I am getting my first dog and its a frenchie puppy what are some things i might need for care he is akc should i take it to vet and do a check up right away what kind of care for the puppy mainly just a frenchie i need to look out for i herd just keep the wrinkles cleaned and ears and what are some good potty training techniques thank u for your time

    1. March 4, 2019 Frankie

      Hey Cory,

      It’s always best to see a vet when you bring a new puppy home, especially a Frenchie. They will do an initial check-up, plan vaccinations, and give you some tips on getting started with your new pup. There is a lot to get used to from cleaning wrinkles, managing allergies, food sensitivities, the right amount of exercise, heat exhaustion, and a list of other important details.

  5. April 9, 2019 Jenni Tasianta

    I have recently been thinking on investing a frenchie and was wondering if you would be able to tell me good way to toilet train that breed! i’ve had other dogs before but iv never been successful on potty training them, luckily they love being outside.
    i know frenchie’s are much more high maintenance and being an inside dog is a must. id love if you’d be able to give me a few tips!

    1. April 9, 2019 Will Blunt

      Hey Jenni!

      You may find some helpful advice here:

      While Frenchies are a little extra work than the average dog, they are totally worth it!

      1. April 10, 2019 Stacey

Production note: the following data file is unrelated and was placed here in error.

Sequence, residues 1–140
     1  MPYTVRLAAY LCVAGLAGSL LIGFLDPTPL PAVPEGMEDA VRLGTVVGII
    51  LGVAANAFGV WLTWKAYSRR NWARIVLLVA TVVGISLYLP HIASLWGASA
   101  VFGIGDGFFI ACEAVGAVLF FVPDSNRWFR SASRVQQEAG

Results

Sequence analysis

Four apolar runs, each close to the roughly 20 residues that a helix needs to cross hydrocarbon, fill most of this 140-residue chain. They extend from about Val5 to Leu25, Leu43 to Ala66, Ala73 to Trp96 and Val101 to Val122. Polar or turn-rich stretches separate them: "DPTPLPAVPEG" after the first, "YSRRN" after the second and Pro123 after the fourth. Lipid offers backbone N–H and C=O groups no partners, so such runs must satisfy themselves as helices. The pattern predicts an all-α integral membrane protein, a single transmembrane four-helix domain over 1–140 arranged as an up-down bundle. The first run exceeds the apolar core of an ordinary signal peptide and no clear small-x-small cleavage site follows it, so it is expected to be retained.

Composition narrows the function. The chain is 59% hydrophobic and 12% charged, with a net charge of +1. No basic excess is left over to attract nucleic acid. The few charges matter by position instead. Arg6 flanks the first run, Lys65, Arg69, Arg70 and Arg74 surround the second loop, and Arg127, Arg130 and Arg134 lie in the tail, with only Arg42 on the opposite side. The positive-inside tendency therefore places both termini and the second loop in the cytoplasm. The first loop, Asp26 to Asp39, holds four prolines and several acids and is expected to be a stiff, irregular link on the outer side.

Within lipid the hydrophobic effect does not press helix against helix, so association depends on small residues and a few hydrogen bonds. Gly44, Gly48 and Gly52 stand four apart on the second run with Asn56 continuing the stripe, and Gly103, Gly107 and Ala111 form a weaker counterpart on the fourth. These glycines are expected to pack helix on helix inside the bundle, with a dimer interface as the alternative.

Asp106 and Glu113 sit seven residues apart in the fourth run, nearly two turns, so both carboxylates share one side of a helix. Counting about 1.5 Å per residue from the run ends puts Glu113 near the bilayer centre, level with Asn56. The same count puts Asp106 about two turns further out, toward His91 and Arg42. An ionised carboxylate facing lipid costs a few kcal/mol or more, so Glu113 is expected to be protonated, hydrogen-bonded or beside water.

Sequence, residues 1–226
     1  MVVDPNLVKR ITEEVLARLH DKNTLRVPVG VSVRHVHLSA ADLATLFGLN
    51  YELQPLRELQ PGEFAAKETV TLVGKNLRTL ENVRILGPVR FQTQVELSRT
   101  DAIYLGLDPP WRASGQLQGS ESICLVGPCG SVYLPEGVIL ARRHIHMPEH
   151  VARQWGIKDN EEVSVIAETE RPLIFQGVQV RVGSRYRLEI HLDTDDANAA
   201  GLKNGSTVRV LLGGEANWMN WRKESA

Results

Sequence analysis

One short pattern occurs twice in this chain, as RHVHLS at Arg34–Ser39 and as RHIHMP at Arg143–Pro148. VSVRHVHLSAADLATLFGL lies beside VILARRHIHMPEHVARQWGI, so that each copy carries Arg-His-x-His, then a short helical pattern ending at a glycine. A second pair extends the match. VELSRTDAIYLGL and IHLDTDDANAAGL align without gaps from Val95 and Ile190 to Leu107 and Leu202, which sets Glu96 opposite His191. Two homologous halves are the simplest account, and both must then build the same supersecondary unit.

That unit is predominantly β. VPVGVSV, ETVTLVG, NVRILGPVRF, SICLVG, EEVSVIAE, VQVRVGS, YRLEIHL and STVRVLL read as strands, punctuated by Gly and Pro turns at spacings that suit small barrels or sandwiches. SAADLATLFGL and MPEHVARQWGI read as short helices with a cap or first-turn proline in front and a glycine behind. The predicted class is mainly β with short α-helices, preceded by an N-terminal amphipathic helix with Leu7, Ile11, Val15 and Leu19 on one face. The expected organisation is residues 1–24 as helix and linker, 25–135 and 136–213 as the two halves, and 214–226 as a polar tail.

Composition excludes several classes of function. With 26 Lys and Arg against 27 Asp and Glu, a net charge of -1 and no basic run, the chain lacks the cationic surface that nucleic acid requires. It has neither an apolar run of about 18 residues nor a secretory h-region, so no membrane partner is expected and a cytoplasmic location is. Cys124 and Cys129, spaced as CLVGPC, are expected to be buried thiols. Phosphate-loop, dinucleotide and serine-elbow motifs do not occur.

Hello, we’ve just got a 3 month old French puppy, he’s been very playful and seems to have settled in well but I’m finding it hard to potty train him, his poohs have been quite runny too. Is this anything to worry about or does it take a while for them to settle, we are on week 1. Thank you

        1. April 10, 2019 Will Blunt

          Hey Stacey,

          Thanks for reaching out! 3 months is not extremely long for potty training a French Bulldog, some dogs can take up to 8-9 months to be fully trained. It’s a patience game.

          Check out this article if you’d like some more info:

          In terms of the runny poos – this can be normal, but it can also be a sign of intolerances or other medical issues. If you’re concerned and the symptoms are persisting, take your pup to the vet to get them checked out 🙂

          Good luck!

  6. May 6, 2019 Jus

    Hey I have a 3 month old Frenchie ( Kenzo ) I got him at around 2 months old. He has cherry eyes in both of his eyes at the moment. Took him to the vet, and was told he needs surgery but can’t get surgery until 6 months!

    What can I do to help my dog while we wait for this “surgery”

    1. May 10, 2019 Will Blunt

      Hey Jus,

      That’s sad! I’m so sorry to hear about Kenzo’s cherry eye issue.

      We have a couple of articles which may help: and

      But in the end, your vet is the most qualified to help. Perhaps you could see another vet to get a second opinion and a quicker surgery time?